The denser a population is, the more cumulative dollars they have to spend on services like healthcare. Rural communities, however, have smaller populations that are more spread out, which means they have fewer cumulative dollars to spend. This, in turn, gives them less access to health care services. Telemedicine, however, maybe the solution to providing better healthcare at an affordable cost to even the most rural areas. Here are three ways that telemedicine is helping provide better healthcare to rural areas.
- Cuts down on long trips to a hospital or major healthcare facility: Residents of many rural areas may have to drive several hours to the nearest hospital or major medical facility. In some cases, they may even have to make long drives for checkups, routine appointments, or health concerns that may turn out to be unwarranted. Unlike a phone call, telemedicine allows medical professionals to inspect patients visually. They can look for physical irregularities that may point to more serious underlying conditions. If the provider sees something that is genuinely concerning, they can ask the patient to make the long drive. Otherwise, they can help the patient treat themselves and cut out the long drive.
- Better access to specialists: Many rural communities can barely afford a doctor, let alone a specialist. Telemedicine allows general specialists and even nurse practitioners access to specialists that allows them to provide a higher level of care than their education might allow. With a specialist calling the shots and watching their every move, even a nurse practitioner can perform far more complicated procedures than what they have been specifically trained for.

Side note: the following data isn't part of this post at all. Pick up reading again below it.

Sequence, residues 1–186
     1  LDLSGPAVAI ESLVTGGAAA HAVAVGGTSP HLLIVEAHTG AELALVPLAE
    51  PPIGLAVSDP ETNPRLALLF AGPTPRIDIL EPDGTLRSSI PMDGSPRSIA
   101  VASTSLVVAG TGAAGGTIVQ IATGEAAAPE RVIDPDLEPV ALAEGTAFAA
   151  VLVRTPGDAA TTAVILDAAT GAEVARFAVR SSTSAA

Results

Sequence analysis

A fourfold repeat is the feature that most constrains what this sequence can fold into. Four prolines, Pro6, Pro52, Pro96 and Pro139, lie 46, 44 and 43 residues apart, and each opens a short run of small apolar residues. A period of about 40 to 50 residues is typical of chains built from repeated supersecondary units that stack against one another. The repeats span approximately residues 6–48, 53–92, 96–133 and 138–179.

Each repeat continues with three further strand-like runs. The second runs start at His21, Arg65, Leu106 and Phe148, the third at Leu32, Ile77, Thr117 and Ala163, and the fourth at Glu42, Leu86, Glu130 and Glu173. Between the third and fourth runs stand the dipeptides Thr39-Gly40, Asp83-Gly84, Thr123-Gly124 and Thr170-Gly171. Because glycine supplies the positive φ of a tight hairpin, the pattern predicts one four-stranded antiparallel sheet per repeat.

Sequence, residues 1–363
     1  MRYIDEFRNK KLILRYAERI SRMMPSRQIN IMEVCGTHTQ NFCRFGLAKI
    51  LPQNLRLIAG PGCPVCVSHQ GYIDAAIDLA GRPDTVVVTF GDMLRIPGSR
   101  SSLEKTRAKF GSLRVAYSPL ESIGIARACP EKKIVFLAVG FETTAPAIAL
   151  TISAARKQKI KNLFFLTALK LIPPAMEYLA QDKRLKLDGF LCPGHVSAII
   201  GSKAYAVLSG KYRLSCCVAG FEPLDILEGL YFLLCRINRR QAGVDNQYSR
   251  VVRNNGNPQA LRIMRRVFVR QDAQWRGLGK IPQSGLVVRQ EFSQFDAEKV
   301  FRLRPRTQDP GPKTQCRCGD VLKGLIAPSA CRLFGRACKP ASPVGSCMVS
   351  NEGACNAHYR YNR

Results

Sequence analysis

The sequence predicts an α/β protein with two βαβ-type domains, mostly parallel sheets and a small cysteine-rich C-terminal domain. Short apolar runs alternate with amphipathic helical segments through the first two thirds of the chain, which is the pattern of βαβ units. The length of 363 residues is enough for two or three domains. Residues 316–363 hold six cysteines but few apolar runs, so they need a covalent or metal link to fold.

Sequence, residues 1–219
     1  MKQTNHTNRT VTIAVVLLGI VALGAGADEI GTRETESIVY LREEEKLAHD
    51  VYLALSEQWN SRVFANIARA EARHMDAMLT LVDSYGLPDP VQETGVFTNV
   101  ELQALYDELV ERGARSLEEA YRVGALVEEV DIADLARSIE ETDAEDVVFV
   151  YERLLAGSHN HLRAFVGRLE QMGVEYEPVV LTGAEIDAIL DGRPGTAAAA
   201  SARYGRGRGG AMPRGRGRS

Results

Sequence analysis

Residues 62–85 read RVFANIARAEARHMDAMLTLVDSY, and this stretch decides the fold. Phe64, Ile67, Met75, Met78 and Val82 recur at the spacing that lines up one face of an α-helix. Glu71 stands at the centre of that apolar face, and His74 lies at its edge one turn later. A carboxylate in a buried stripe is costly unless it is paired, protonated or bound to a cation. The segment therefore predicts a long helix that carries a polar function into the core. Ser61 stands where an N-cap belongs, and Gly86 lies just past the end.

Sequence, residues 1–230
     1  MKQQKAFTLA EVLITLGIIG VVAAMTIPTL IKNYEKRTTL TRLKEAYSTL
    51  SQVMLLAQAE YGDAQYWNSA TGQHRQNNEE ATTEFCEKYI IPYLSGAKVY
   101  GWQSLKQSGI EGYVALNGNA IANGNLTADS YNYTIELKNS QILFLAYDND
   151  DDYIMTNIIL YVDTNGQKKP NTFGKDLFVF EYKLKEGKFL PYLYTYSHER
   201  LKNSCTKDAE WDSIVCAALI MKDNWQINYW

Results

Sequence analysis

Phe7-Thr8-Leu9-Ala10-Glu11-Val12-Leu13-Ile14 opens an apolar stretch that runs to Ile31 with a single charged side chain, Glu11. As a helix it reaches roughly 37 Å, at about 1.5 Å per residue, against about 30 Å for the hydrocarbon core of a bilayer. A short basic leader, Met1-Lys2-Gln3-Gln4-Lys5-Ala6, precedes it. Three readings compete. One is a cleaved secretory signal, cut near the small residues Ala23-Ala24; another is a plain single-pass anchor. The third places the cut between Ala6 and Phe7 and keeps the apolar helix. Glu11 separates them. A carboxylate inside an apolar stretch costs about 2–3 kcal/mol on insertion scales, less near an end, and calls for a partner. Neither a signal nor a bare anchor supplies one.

- Better self-care: There is no doubt that prevention is the best medicine. When any small health concern automatically means a long drive to have it addressed; however, many residents of rural areas forego healthcare entirely. More minor issues that are left unaddressed, yet, tend to snowball into much more significant problems, and those major issues are also much more costly to address. When rural citizens can get basic healthcare without a long drive, they may be much more likely to address their smaller health concerns before they become major concerns. This can help decrease healthcare costs across the board.